What keeps me going and inspires me to teach and care for patients with snoring and sleep apnea is that it gives me a chance to be helpful to other people. I am grateful for the opportunity to assist patients directly by helping them sleep and breathe better and to improve their health through the work we do together. In addition, I am blessed to have the chance to teach other dentists to integrate dental sleep medicine into their practices and in this way I indirectly help many more people improve their health through the work of other dentists. It is a “ripple effect” and I never know who or how many others will be impacted by the teaching and interactions I have with dentists in a course.
Dental sleep medicine has a bright future. It is estimated that only 5% of patients receiving treatment for OSA in the US are being treated with oral appliances. I believe that within 5 years about 30% of patients will be prescribed oral appliances for OSA. This means there will be incredible growth of this therapy in the future. The amount of research that is being published on oral appliance therapy is increasing dramatically and will continue to support this growth. In order for dental sleep medicine to remain viable we will need to maintain an ethical, patient-centered approach to managing the patients. Developing protocols for patient care in collaboration with our medical colleagues will be a key element in the development of this approach.
Although I really enjoy my work, what I love most is spending time with my wife, three children and three grandchildren. It is a joy for me to see how they are pursuing their lives and I really enjoy the time I have to spend with them. I have made the choices to spend time away from my family doing research, serving in the AADSM and ABDSM, and teaching largely because of what others have done for me over the years. I am grateful to those leaders who have moved this field forward and encouraged me along the way.
DSP: What are your top tips for adding DSM to a successful practice?
- Continue to expand your knowledge by finding good dental sleep medicine educational opportunities
- Educate your staff in the areas of direct patient care, practice management and insurance reimbursement so they can support you in growing this part of your practice.
- Collaborate with sleep medicine physicians and primary care physicians in managing your patients (build a good relationship with them)
- Gain expertise with multiple oral appliances so you can choose the appliance that best fits each patient’s situation.
- Join the AADSM and get involved in the organization. It will expand your knowledge and understanding of DSM and will build the relationships and support you need to grow this part of your practice
- When you are ready, complete the ABDSM certification exam and become a Diplomate. This will build your credibility in the sleep community and help your practice grow.
DSP: How do today’s practice challenges compare to your experience?
When I started in dental sleep medicine 23 years ago, I was viewed as a bit of a maverick for expanding into an area of dentistry that was not well known. In addition there was not very much research evidence available on oral appliance therapy at that time. I was challenged by my medical (and many of my dental) colleagues who questioned the effectiveness of oral appliance therapy. It has been difficult at times to convince my colleagues of the effectiveness of this approach to managing OSA patients. I have continued to update them on the research data as it has continued to grow and it has been very helpful in encouraging the physicians and dentists to refer patients for treatment.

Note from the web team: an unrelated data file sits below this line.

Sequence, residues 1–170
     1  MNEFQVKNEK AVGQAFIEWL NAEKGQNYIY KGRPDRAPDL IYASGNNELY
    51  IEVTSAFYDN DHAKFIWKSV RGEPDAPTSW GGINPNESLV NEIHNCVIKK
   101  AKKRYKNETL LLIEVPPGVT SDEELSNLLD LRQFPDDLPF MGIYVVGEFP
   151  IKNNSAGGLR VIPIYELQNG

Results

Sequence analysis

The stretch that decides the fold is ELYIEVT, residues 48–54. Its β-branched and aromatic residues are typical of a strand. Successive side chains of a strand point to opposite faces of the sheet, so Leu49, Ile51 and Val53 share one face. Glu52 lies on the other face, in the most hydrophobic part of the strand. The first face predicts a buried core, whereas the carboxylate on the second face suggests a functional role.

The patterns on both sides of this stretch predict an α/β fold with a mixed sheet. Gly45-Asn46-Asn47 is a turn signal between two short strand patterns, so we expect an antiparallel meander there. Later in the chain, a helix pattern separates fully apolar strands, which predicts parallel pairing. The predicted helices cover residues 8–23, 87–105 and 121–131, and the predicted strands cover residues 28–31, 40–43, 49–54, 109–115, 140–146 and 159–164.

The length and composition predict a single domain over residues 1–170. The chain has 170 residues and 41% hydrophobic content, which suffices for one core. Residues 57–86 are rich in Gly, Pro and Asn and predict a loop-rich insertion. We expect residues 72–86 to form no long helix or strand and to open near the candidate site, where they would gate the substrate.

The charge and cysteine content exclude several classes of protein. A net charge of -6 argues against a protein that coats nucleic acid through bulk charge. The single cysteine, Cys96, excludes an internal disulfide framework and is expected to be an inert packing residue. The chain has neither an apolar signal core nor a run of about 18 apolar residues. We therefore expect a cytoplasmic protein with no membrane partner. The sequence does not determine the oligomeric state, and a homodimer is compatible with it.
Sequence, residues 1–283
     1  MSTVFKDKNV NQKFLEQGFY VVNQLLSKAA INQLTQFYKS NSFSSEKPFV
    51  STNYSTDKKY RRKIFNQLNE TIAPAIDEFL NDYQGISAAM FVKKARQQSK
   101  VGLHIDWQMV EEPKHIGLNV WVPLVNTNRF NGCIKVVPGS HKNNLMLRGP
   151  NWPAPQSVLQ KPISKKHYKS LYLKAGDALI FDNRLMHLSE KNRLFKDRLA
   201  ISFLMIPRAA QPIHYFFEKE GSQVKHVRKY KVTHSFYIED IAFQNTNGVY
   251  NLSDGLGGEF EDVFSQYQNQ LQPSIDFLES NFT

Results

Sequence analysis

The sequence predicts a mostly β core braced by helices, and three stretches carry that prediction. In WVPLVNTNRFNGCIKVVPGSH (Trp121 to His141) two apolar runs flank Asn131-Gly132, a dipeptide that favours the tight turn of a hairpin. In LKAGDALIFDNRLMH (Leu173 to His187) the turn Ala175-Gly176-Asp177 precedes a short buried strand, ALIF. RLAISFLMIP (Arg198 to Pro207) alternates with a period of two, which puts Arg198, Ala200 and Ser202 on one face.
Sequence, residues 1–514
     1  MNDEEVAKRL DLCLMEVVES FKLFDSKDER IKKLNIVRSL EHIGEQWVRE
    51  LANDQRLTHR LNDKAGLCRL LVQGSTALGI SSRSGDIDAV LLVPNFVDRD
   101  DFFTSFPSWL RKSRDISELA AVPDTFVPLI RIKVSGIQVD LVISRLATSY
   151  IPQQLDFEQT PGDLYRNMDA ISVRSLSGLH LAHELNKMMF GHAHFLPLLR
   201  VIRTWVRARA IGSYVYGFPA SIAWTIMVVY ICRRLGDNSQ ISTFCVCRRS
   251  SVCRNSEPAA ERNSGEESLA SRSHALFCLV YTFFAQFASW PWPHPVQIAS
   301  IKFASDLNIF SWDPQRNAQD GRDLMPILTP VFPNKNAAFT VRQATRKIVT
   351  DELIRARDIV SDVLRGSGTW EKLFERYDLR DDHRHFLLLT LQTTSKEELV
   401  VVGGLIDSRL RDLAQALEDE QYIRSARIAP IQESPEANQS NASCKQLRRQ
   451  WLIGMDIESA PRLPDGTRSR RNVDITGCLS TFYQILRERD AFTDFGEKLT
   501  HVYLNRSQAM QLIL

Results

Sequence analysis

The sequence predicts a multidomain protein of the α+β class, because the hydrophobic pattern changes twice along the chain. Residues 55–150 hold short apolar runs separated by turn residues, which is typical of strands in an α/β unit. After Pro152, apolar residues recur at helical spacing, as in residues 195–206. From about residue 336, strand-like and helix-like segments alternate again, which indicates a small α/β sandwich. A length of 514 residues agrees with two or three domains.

Today’s dentists have a growing body of research evidence to support them as they approach their colleagues about being part of the solution for patients. However the landscape in health care is changing and there are challenges that exist now that were not as much of a concern when I started in this area of dentistry. The dentists involved in dental sleep medicine will need to create new systems for collaboration with physicians to grow their practices. In addition, they will need to educate themselves on the medical insurance protocols. Since the costs of care continue to rise, it will be important to develop affordable ways to manage the millions of patients who are in need of our services.
DSP: The rewards don’t only come from being paid, though, do they?
I really enjoyed my TMD practice, but I found the work with the patients who had sleep disorders to be even more rewarding. This has been the most satisfying part of my career in dentistry. Every day I will have 3 or 4 patients tell me that the care they have received in my office has changed their lives and they are so grateful for the work we have done together to improve their sleep, their health, and their energy level. I do not believe there is another area in dentistry that has this type of impact on people’s lives. So, I love going into the office each day. It is very fulfilling to do this work.
Visit www.dentalsleepology.com to learn about Dr. Parker and his educational courses.